Recently I wanted to have a closer look at how authentication works for the XCAP protocol that is used in VoLTE by mobile devices to control things such as call forwarding settings. At first I thought that the topic is so far off the beaten path that I need to have a look in the specifications right away. But I gave Google a chance and was quite positively surprised that there’s a ton of information out there that is much easier to digest than going to the specs right away.
Recently my firewall at home had a bit of a hick-up and decided to change the rule to forward a high external TCP port number to port 22 of one of my servers into a 1:1 mapping of that port instead. As I was about to go into a long meeting I couldn’t immediately react and fix things so for a couple of hours the SSH server of that machine was accessible from the Internet via its native port – with interesting results.
I’m running a number of servers at home and of course I want to access them over the Internet. As per good practice I have one gateway to which I can connect to with SSH from my Linux notebook. Once logged in I can then SSH to other machines in my network. This has worked well for me over many years but has three disadvantages: Despite using certificates, the process of first logging into the gateway and then logging into another machine is a bit more of an effort than it should be. Secondly, I can’t use SFTP via the file manager to exchange files with my machines at home this way. And finally this setup is not ideal from a security point of view because the internal machines have to trust the SSH key from the gateway machine. If the gateway is ever compromised, all machines inside are compromised as well. Recently, I found a cool way of how to fix all three things: Multihop-SSH! Continue reading Multihop SSH
I know, most people have no need to call a phone line to endlessly listen to an announcement or, even better, music. However, in my line of work I sometimes do. Over the years I’ve helped myself out with calling the time service that repeats giving me the current time endlessly. But it’s a kludge and I always wanted to have my own system. Finally, I had some time to fill the gap and the result is a Raspberry Pi connected via SIP to the telephone system that endlessly plays music when I call its phone number.
Smartphones must have become a really boring thing as a big hype was made at this year’s Mobile World Congress around the Nokia 3310 feature phone. It’s GSM dual band only (GSM is being phased-out in the US so why bother to include these frequencies) and its main purpose is to make phone calls and for SMS messaging. While most people wonder who would possibly buy such a phone who is in his or her right mind, …
I recently got a bit of a scare when I noticed that some large files of several gigabytes that I copied from an SD card to a hard drive and vice versa were corrupted afterwards. Corrupted as in the last gigabyte of the file missing on the target device. Up to today I have no idea how this happened, I’m usually diligent enough to eject media and wait for the pop-up to notify me that it is save to remove the drive. One thing that was even worse was that I started wondering if my regular backups were affected as well. It’s a strange feeling when you suddenly don’t trust your backups anymore so I invested some time to find out if things were all right or not. Turns out it is not so difficult.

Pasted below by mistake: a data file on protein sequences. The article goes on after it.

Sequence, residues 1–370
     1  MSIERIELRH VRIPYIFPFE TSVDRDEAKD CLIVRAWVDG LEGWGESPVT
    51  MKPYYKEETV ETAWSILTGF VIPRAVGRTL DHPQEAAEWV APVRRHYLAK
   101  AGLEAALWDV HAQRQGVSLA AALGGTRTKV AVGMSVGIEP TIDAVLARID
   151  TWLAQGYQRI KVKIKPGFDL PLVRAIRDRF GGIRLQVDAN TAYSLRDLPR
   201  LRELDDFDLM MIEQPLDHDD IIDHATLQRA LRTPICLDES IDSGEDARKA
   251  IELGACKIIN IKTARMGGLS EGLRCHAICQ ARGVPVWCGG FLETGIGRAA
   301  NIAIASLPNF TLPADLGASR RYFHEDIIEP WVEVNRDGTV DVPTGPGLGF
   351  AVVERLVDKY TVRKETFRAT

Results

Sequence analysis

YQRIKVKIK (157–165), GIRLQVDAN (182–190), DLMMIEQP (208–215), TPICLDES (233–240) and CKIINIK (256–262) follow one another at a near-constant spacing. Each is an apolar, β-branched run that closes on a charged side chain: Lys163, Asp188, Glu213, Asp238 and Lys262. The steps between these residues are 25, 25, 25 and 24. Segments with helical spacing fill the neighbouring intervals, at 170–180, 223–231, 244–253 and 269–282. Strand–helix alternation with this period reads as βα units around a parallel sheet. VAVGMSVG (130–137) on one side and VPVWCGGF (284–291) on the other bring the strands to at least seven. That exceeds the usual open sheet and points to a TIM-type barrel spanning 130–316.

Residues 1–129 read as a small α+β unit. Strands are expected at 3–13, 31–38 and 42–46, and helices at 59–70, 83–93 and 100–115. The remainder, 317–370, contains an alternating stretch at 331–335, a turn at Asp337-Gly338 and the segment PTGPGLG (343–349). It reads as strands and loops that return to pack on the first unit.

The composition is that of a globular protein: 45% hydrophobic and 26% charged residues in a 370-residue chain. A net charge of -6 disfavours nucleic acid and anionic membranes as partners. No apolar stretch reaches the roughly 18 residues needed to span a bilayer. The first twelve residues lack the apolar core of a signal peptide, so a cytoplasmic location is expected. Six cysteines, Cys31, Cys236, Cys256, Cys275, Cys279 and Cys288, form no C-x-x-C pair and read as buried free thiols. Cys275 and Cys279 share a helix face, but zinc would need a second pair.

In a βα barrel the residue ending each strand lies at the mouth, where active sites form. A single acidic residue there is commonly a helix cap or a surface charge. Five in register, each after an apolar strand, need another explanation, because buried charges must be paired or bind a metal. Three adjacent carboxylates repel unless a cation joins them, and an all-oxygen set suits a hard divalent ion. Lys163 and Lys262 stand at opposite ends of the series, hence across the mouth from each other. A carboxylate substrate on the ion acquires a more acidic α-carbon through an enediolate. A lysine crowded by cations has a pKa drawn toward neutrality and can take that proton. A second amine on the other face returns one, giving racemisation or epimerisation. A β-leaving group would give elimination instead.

In a few months, the next state of EU roaming regulation will come into effect and network operators must charge the same prices in the EU as at home. Already last year, however, I was wondering if some network operators will respond by simply not offering international roaming anymore. And indeed, I’ve noticed the first German MVNO doing so now for some of his tariffs.
When I heard about the Enhanced Voice Service (EVS) codec for the first time a couple of years ago I was a bit skeptical. After all, the AMR-Wideband Codec just went live in a number of networks back then and its sound quality compared to the traditional AMR-Narrowband was just stunning. So I thought that EVS could not raise the bar by much. In the meantime a number of network operators have launched EVS in their VoLTE networks and when I recently made my first EVS end-to-end call I was stunned at how much better it was even compared to a good AMR-Wideband call.
Back in 2013 I discovered SqueezePlug and used a Raspberry Pi to stream music from an online service to my 25 year old Hifi. It worked great at the time on a Pi-1 for a long time until the SD card gave out. Unfortunately time had moved on and I couldn’t get the latest software version run smoothly on a Pi-1. Yes, I could have replaced it for a faster model. However there were other things that needed more attention so I never got around to it. Fast forward a year to the present and I was still stuck with no audio streaming to the Hifi when a friend told me about Volumio by Michelangelo Guarise and how well it ran on his Raspberry Pi 1 connected to his Wifi. Easy to install and easy to use, just flash the image to an SD card, he said, and you are good to go. Could it really be that easy?
When it comes to SIP, getting things to work is usually not straight forward. The more I was surprised when I recently wanted to connect a SIP software client running on Linux to my fixed line network operator’s IMS system.